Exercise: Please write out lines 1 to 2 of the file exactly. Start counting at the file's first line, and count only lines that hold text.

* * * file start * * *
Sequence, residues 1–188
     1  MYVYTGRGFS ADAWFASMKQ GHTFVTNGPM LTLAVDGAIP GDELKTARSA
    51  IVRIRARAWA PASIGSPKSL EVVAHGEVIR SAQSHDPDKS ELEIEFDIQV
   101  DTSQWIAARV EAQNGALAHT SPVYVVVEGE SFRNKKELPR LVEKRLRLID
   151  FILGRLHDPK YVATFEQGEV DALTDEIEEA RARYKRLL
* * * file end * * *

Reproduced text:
Sequence, residues 1–188
     1  MYVYTGRGFS ADAWFASMKQ GHTFVTNGPM LTLAVDGAIP GDELKTARSA